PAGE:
SH Huang, SP Lin, CK Liang, and JJ Chen. Biomed Microdevices. 2012. [MEDLINE Citation]
Inhibitory effects of Yangzheng Xiaoji on angiogenesis and the role of the focal adhesion kinase pathway. WG Jiang, L Ye, K Ji, N Frewer, J Ji, and MD Mason Int J Oncol. 2012. [MEDLINE Citation]
Have you recently published an article that includes the use of ECIS? If so, submit your publications to Applied BioPhysics via email to Dr. Christian Renken at firstname.lastname@example.org. We will announce your article in our newsletter, post it on our website and send you
two FREE 8 well arrays!
Representatives from Applied BioPhysics will be at the following tradeshows and events:
December 16 - 18, 2012
San Francisco, CA
February 27, 2013
New York, NY
Society of Toxicology
March 10 - 14, 2013
San Antonio, TX
March 12, 2013
Case Western Reserve University
March 13, 2013
American Association for Cancer Research
April 6 - 10, 2013
April 20 - 24, 2013
June 26, 2013
St. Louis, MO
St. Louis University
June 27, 2013
St. Louis, MO
|Tip of the Month:
The Importance of High Incubator Humidity for ECIS Measurement
ECIS measurements are affected by the ionic composition of the medium (the electrolyte) bathing the cells. This is not at all surprising as ions are involved in the transfer of electrons at the electrode interface, in characterizing the capacitance of the gold surfaces and in connecting the solution between the electrodes allowing the flow of current.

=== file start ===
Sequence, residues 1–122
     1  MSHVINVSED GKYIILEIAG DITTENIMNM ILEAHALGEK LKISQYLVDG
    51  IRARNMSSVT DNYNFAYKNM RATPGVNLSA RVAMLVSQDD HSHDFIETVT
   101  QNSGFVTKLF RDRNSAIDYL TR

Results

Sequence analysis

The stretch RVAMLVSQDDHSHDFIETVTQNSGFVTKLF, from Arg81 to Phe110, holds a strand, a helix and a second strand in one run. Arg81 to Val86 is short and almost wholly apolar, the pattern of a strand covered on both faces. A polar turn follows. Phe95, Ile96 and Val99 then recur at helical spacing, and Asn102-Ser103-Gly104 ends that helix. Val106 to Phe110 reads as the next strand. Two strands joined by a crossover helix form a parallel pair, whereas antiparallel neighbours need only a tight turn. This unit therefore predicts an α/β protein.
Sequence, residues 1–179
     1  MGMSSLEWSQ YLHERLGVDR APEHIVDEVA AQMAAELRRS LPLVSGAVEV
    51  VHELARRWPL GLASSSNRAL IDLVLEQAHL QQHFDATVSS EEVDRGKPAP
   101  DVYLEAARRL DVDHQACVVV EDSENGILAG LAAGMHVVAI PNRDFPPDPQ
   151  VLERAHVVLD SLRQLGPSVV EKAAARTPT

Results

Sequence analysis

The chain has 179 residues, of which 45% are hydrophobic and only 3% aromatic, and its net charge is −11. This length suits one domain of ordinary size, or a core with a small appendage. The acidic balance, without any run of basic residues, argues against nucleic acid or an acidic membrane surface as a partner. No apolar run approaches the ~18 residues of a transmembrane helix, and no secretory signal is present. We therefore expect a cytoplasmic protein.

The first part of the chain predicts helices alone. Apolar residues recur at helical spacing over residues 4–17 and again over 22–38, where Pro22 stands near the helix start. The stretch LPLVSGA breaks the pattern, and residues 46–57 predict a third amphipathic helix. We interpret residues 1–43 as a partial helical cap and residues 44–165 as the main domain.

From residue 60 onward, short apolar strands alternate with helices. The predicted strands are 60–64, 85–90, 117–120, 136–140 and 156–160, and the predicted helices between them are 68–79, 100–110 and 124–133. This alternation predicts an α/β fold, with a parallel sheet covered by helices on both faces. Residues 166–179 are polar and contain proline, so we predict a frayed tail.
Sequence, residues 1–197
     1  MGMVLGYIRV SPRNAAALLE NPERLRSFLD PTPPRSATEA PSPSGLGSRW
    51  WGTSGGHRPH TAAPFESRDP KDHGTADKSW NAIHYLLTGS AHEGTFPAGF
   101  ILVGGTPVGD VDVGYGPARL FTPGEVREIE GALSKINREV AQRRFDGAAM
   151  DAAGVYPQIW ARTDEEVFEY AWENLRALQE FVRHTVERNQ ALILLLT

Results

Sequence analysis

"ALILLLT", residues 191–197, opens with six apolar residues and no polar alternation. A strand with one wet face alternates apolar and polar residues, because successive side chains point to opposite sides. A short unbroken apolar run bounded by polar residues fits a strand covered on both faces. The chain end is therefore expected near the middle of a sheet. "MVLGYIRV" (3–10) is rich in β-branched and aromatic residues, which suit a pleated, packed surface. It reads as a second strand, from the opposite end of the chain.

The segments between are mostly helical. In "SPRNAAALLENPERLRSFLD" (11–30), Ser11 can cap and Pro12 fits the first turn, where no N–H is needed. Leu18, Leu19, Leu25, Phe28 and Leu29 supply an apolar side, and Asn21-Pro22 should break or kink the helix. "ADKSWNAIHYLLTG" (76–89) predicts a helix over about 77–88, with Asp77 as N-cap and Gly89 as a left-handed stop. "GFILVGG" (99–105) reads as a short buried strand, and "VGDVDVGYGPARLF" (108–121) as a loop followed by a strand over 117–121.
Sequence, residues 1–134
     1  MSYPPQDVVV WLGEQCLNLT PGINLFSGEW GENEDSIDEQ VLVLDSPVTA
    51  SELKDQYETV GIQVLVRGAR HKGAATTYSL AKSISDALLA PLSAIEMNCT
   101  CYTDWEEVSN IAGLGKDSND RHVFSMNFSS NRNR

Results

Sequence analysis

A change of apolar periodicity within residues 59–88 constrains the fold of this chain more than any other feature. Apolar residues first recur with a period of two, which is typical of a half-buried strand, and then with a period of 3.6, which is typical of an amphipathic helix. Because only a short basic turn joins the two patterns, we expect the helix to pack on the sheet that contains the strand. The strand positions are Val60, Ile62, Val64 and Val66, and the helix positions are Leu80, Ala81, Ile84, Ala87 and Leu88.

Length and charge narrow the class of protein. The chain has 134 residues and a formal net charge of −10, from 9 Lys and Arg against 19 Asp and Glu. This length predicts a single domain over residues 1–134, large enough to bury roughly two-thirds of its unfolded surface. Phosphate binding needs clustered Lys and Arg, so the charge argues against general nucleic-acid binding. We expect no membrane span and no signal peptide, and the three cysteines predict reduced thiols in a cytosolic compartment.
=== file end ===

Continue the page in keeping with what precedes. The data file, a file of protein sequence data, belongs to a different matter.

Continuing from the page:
When proper humidity (commonly 95% or higher relative humidity) is maintained in a cell incubator, there is little evaporation of medium from wells. However, at lower humidity, water will evaporate from the culture wells causing an increase in the medium's ion concentrations. The cells can usually tolerate small changes in ionic strength, but these changes will show up in the impedance measurements. As salt concentration increases, the transfer of electrons at the interface is facilitated, the resistance of the solution decreases and the effective capacitance of the electrodes increases. All of these changes serve to decrease the impedance.
When one runs ECIS experiments and follows the impedance for long periods of time, a gradual impedance drop due to evaporation may incorrectly be interpreted as a loss of the impedance of the cell layer itself.
To avoid this issue, one should always use a good depth of liquid in each well and maintain proper incubator humidity. If one suspects that evaporation is a problem, try increasing the humidity within the incubator space by adding an additional tray of water. The larger surface area of water allows more water molecules to go into the air, increasing the relative humidity and reducing the evaporation problem.
Need a good laugh? Visit the ECIS Cartoons page of our website to view cartoons by Catherine, our in-house cartoonist, to start your day with a smile.
Are you the creative type? Submit one of your own cartoons; if we post it on our website we will send you a free array!
Know your target audience. Who are your most important customers, clients or prospects, and why? Know what is important to them and address their needs in your newsletter each month. Include a photo to make your newsletter even more appealing. Inserting a link in your article lets you track which topics attract the most interest.